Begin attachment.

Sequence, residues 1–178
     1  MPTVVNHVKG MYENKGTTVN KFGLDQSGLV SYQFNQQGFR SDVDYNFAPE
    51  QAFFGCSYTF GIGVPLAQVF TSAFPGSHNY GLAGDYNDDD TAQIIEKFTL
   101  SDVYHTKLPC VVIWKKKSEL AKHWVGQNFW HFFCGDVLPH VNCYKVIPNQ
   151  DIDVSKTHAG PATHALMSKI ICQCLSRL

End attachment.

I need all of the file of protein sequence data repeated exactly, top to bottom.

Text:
Sequence, residues 1–178
     1  MPTVVNHVKG MYENKGTTVN KFGLDQSGLV SYQFNQQGFR SDVDYNFAPE
    51  QAFFGCSYTF GIGVPLAQVF TSAFPGSHNY GLAGDYNDDD TAQIIEKFTL
   101  SDVYHTKLPC VVIWKKKSEL AKHWVGQNFW HFFCGDVLPH VNCYKVIPNQ
   151  DIDVSKTHAG PATHALMSKI ICQCLSRL